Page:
For many people from all over the world, the arts festival known as the Edinburgh Fringe is one of the most important events in the Scottish annual calendar. The three week festival takes place every August in the Scottish capital of Edinburgh, and sees the city filled with huge numbers of live performances across multiple venues.
The Edinburgh Fringe festival began back in 1947. During that year, the Edinburgh International Festival was formed, and when eight theatre groups who were not on the official programme arrived, they decided that they would still perform, but on the fringe of the festival – hence the name. During every subsequent year, more and more performers arrived in Edinburgh during the International Festival to do exactly the same, and as a result, the Festival Fringe Society was created in 1958.
Now, the festival is more popular than ever. In 2014 alone, 299 venues across the city hosted no fewer than 49,497 performances of 3,193 different shows, meaning that it was the largest arts festival in the world.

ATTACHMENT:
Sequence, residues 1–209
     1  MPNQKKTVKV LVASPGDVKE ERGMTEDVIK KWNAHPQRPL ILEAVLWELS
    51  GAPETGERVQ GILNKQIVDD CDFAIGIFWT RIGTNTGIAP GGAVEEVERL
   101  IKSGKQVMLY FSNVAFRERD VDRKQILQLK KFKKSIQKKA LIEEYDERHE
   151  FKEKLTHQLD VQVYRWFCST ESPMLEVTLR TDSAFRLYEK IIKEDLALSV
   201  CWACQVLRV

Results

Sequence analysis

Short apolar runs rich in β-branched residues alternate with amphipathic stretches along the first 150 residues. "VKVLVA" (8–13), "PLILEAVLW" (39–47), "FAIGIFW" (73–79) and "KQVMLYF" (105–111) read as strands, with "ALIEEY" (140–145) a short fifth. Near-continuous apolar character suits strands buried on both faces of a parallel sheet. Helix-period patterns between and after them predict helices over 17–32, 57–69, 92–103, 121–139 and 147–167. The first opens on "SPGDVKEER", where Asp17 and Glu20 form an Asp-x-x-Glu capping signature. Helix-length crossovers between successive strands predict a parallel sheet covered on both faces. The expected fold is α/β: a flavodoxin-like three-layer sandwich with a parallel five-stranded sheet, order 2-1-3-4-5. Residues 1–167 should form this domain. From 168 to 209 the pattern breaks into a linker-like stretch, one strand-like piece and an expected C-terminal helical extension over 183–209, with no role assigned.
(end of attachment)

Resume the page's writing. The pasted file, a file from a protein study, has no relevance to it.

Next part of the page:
Those who choose to visit Edinburgh during the Fringe Festival in August will find that the city has plenty to offer. Comprising comedy, theatre, music, children’s shows, visual arts, dance and talks, the majority of the performing arts are well represented – and with various performance styles to suit all tastes.
With no selection committee, it’s possible for any type of performing act to be involved, which often leads to the inclusion of many experimental performances that may not be featured in more conservative festival environments. This means that – providing they can find a venue to host them – anyone who has an interesting story to tell could be featured in the festival programme.
The openness of the Edinburgh Fringe means that performers are incredibly varied, from previously unknown artists who are looking to begin or grow their careers to some of the world’s biggest names in theatre, dance, comedy, music and more. A number of artists have risen to fame after performing at the Edinburgh Fringe: John Cleese and Graham Chapman of Monty Python fame, Rowan Atkinson, Sarah Millican and others all got their big breaks at this world-renowned Scottish festival.
Venue-wise, there are plenty of places where those visiting the festival can take in a performance or two. While some of the performances take place in the city’s major dedicated venues such as the Assembly Rooms and the Traverse Theatre, others can be discovered in the city’s public parks, in function rooms above pubs and in various weird and wonderful venues across Edinburgh. Whatever your artistic interests, there’s no doubt that you’ll find something that appeals to you if you visit Edinburgh during Fringe season.